Cambodia’s government ordered to return land taken a decade ago from indigenous communities for a Vietnamese company’s rubber plantation. The foreign concessions, thus, faced a challenge like the greater scrutiny over rights violations.
Cambodia preferred to return the land taken in the mid-2000s from the indigenous people back to them. The unprecedented move of the authorities made the activity of foreign investors more complicated if not possible at all. According to the governor of the north-eastern province of Ratanakari, the agriculture ministry was asked to take out 64 areas from the land concessions, many of them are Vietnamese.
Cambodia’s indigenous rights organisation in Ratanakari praised such a decision, which “represents an unprecedented recognition of indigenous land rights over business interests in Cambodia”. Despite that, the communities still needed compensation and help to rehabilitate their land and waterways.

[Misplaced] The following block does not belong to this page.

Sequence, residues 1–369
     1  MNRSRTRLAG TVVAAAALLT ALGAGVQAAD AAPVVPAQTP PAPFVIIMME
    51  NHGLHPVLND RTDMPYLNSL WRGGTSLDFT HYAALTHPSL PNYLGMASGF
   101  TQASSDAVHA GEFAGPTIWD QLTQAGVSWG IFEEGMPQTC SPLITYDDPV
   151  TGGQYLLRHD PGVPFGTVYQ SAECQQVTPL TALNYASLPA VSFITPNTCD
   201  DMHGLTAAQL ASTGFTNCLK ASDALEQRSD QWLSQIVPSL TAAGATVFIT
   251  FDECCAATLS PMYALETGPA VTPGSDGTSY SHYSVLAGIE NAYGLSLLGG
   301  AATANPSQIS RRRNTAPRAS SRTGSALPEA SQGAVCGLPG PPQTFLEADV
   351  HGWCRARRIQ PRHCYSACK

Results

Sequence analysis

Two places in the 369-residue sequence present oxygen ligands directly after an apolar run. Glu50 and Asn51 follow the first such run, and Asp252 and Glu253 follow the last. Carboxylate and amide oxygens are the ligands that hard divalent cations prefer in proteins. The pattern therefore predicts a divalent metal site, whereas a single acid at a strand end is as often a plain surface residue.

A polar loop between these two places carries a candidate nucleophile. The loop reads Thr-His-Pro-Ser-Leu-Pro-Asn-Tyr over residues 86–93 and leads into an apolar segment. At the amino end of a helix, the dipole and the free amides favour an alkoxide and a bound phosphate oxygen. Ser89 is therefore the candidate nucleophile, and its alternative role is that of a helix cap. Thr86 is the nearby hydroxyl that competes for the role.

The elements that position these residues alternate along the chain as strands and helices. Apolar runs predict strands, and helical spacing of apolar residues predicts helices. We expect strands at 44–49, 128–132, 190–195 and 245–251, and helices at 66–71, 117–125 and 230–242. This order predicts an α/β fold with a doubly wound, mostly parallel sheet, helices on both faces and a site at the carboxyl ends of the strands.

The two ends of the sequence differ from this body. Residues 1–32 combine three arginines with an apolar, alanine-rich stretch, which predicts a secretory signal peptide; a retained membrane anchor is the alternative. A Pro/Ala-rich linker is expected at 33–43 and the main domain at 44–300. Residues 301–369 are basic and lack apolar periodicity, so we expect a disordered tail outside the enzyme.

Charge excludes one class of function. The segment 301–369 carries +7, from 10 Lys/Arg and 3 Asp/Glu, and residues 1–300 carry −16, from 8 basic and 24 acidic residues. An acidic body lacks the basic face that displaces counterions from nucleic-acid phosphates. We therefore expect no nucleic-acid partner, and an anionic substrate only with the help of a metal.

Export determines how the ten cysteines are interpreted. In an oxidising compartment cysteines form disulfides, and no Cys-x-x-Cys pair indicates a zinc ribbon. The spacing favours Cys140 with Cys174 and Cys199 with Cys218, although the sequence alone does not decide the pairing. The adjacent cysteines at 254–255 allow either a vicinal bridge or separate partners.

According to the local farmers, foreign investors must be held accountable for any violations and harmful impacts when they ignore due process, including consulting with communities and gaining their consent. The special communities last week filed a new complaint with the IFC over environmental and human rights violations and the loss of land reserved for farming.
Last year, Cambodian farmers who said they were forcibly removed from their land for sugarcane plantations, filed a case in a Bangkok court against a Thai sugar firm. As cross-border investments in the region increase, disputes over land have also risen.